Drought in the Vineyard
From afternoons at the lake to clinking ice cubes in a glass, sizzling summer days mean everyone looks for a little water to cool off, including grape vines. But this summer California declared water rationing, resulting in restrictions for residents and agricultural businesses alike. And when drought conditions hit wine country, viticulturalists must adapt their practices to help their vines make it through the growing season.
How Do Grapevines Use Water?
Just like humans, grapevines use water to transport nutrients and regulate temperature. Essential minerals dissolve in ground water, making them available for the roots to absorb and move them through the vine’s vascular system.
The vine also uses water to regulate its temperature in a process called transpiration, or the evaporation of water through the leaves, which facilitates the exchange of oxygen and CO2.
Without water, these processes stop, and the vine eventually dies.
Vineyards Designed for Drought
Combating the effects of drought start at the vineyard’s inception. Vineyard planning and design can include adjusting row orientation and planting density, both choices can reduce water requirements.
Most drought-prone growing regions install drip irrigation to better regulate water application, but not all vineyards depend on irrigation. Some use a technique called dry farming. Dry farming means that the vines grow using only the water from annual rainfall.
Many old vineyards planted 50+ years ago are dry farmed. Regional climate, vineyard location, soil structure, rootstock, and planting density determine whether a vineyard can be dry farmed. These vines have deep root systems that make them more drought tolerant.
As for the plants themselves, vines have different water requirements, and vineyard managers select rootstocks with robust drought resistance for areas prone to water restrictions. Even choices around cultivar, or the grape variety that gets planted, plays a role in water use. Some varieties are more drought resistant and heat loving than others. Grenache, for example, thrives in a long, hot growing season.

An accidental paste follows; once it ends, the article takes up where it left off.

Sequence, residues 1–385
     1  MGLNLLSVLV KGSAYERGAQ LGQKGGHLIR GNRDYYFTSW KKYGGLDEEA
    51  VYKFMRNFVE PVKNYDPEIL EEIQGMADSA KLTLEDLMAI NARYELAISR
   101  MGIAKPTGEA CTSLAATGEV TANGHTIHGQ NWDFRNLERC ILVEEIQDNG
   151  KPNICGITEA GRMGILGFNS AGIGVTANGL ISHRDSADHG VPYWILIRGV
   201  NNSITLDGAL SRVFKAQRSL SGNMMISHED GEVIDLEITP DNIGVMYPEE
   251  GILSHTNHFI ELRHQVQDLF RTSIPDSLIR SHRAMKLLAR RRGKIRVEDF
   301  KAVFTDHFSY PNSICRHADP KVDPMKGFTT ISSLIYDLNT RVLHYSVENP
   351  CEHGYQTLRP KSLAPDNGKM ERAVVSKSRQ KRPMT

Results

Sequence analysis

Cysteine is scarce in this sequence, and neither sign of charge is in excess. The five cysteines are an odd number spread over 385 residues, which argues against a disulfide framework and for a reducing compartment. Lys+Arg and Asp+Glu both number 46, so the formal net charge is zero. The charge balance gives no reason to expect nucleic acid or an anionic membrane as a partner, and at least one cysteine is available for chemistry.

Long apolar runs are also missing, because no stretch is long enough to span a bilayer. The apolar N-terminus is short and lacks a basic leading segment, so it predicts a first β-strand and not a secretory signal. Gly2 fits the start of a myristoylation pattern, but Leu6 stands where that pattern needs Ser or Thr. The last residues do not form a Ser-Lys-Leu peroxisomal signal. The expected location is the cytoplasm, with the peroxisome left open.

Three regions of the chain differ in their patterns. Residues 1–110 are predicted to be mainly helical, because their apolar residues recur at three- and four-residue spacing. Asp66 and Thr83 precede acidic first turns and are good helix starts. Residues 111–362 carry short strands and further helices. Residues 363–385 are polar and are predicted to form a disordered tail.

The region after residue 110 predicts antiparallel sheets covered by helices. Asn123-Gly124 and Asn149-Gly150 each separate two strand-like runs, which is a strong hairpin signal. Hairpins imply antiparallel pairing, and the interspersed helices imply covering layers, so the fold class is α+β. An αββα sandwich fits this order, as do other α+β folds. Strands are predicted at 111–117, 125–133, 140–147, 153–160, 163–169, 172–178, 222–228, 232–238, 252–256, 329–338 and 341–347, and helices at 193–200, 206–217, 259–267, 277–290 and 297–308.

What Happens to Vineyards During a Drought?
During a drought, vineyard managers monitor evapotranspiration, or the amount of water that evaporates from the vine and ground area around the plant. Viticulturalists can measure how much water a vineyard block loses during a given time period, say one week, and then determine how much water needs to be replaced through irrigation.
Drought conditions can mean winegrowers are unlikely to be able replace 100% of the water loss. Instead, they make calculated decisions for their vineyard irrigation schedule and how much water to use in a process called regulated deficit irrigation (RDI). Depending on where the vine is in its growing cycle, it can handle more or less water stress. This affects wine quality.
For example, when red varieties are just ripening and turning from green to purple in a process called veraison, a little water stress can be beneficial. Limiting water at this stage reduces the number of cells in the berry, resulting in smaller berries. Smaller berries means a lower yield (total crop), but the skin-to-juice ratio will increase, potentially improving the flavor and aroma intensity in the final wine because flavor and aroma compounds are found in grape skins.
Growing Grapes During a Drought.
Growing grapes is something like running a gauntlet: fungal diseases, pests, viruses, erosion - all are part of a series of challenges viticulturalists face each year. Drought is nothing new to those living in California’s wine country, and winegrowers are fortunate to have a range of tools and robust research available to help them get through another challenging growing season.